How can we protect the integrity of the ecological function of nature for generations to come without just continuously selling and trading it?

Forever Wild is developing models around this, structuring a “unit of nature”. 

While valuing biodiversity is extremely difficult and complex, Forever Wild has created “a unitised structure of effort to lead to a given outcome. We can value the management effort to produce an outcome for biodiversity.” 

“We value the management effort, and we can unitise that. So we assess management effort for threatened species or for an entire ecosystem. We can cost how much it will be to get from point A to point B, or even just to protect it in its current state. 

“That can be unitised and sold as a product, can be sold as an actual unit itself, or we can staple it to a property, to the management of a property, and can onsell it. 

“It is a way to use the system; to bring nature in as a valuable asset. The goal is to simultaneously protect and leverage the vast natural capital of the Earth’s last remaining wildernesses.” 

Investment opportunity

The initiative comprises a core charity linked to profit-for-purpose companies. These companies are the investable vehicles for asset acquisition and co-designed business activities.

Forever Wild is seeking two things from investors — investment in the current opportunity, as summarised below, as well as longer term investment into the Forever Wild initiative and the profit-for-purpose vehicles that it creates.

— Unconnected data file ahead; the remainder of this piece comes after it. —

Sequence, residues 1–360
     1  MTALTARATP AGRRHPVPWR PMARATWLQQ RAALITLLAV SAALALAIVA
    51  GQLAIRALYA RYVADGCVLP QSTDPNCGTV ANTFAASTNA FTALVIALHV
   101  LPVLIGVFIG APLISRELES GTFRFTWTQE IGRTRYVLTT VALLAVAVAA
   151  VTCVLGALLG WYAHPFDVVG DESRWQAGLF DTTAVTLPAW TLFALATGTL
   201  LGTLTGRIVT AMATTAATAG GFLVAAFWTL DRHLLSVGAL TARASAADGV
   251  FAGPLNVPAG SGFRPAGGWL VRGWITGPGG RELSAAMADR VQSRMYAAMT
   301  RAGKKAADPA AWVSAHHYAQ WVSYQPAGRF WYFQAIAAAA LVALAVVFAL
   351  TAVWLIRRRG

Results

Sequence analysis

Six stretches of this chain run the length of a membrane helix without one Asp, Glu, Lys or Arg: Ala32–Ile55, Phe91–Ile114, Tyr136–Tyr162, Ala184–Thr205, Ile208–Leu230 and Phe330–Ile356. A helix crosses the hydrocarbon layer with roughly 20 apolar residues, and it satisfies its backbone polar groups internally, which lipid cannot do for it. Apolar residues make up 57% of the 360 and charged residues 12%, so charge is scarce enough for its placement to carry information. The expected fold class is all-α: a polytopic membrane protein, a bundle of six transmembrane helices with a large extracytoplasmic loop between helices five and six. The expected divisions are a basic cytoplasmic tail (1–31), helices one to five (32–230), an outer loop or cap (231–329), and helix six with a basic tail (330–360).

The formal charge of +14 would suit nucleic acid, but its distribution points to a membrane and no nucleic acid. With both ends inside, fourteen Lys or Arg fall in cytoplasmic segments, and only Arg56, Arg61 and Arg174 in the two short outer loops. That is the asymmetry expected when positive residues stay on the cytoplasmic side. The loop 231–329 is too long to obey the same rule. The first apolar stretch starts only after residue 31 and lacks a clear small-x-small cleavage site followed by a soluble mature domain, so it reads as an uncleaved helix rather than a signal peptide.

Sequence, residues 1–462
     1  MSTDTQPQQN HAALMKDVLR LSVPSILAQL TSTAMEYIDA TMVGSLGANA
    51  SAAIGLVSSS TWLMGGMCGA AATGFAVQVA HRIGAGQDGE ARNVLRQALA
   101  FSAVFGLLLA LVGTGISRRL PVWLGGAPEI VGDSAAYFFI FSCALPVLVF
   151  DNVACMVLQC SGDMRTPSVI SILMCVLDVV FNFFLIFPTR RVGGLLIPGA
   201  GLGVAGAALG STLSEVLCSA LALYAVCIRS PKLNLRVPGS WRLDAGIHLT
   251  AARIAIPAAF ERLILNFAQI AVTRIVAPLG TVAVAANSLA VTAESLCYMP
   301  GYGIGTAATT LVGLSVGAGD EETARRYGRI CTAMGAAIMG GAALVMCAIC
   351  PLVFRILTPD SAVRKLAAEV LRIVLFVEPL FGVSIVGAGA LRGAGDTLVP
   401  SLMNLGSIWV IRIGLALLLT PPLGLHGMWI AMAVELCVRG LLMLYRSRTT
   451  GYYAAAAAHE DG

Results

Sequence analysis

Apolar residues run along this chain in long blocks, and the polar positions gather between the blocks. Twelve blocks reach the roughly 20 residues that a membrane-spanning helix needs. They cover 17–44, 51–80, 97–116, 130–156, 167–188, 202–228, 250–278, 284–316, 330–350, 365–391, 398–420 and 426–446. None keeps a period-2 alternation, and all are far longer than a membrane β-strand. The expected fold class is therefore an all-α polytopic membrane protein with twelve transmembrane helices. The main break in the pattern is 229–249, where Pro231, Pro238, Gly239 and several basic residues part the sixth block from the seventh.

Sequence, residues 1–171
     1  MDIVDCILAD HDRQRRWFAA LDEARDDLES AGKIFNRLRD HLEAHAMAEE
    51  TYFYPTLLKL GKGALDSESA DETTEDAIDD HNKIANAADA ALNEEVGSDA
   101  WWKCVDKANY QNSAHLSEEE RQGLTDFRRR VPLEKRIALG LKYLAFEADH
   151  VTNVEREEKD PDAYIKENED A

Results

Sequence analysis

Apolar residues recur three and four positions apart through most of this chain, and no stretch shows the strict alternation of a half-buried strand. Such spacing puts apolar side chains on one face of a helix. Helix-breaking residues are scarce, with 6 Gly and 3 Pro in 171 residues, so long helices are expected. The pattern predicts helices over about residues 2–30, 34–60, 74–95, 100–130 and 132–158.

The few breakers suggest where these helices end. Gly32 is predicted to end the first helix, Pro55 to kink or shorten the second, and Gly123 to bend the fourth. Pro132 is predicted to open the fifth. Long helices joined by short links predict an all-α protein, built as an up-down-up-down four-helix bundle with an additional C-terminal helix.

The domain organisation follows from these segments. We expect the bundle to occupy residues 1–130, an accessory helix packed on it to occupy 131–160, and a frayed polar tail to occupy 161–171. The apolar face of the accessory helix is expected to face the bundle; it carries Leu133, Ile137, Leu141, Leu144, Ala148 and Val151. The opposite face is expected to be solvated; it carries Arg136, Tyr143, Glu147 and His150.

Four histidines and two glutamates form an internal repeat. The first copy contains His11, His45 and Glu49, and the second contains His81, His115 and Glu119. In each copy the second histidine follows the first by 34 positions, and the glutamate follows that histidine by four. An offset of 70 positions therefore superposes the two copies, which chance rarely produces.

The Forever Wild initiative currently has three large-scale properties (225,000 hectares) in Queensland and Western Australia with three primary business lines — carbon, biodiversity and sustainable agriculture. 

Its goal is to have 20,000 square kilometres, or 2 million hectares, under management in Australia by 2023, plus 5,000 square kilometres (500,000 hectares) under management  internationally (Africa and South America).

Forever Wild is now looking to scale the business model with the acquisition of a pastoral station in the Western Deserts, with subsequent properties in Queensland and WA in the pipeline.

Pastoral Station 

Forever Wild is currently seeking to raise A$3 million, as part of its Western Deserts Program. The funding will support large pastoral station in Western Australia, where Forever Wild will operate three main business lines: 

1. Carbon: An existing, unconditional Carbon Project registered with the Emissions Reduction Fund (ERF) and has an eEstimated 260,000 ACCUs remaining. 

2. Biodiversity: Additional monetizable 260,000+ biodiversity units via an existing agreement with a biodiversity trading company. 

3. Sustainable Agriculture/Cattle: Cattle herd including breeding Santa Gertrudis, with grazing rights over an additional 225,000ha (560,000 acres) on adjoining stations, including the highly productive Salt Bush land types.  The station’s Heritage Homestead also has strong tourism potential.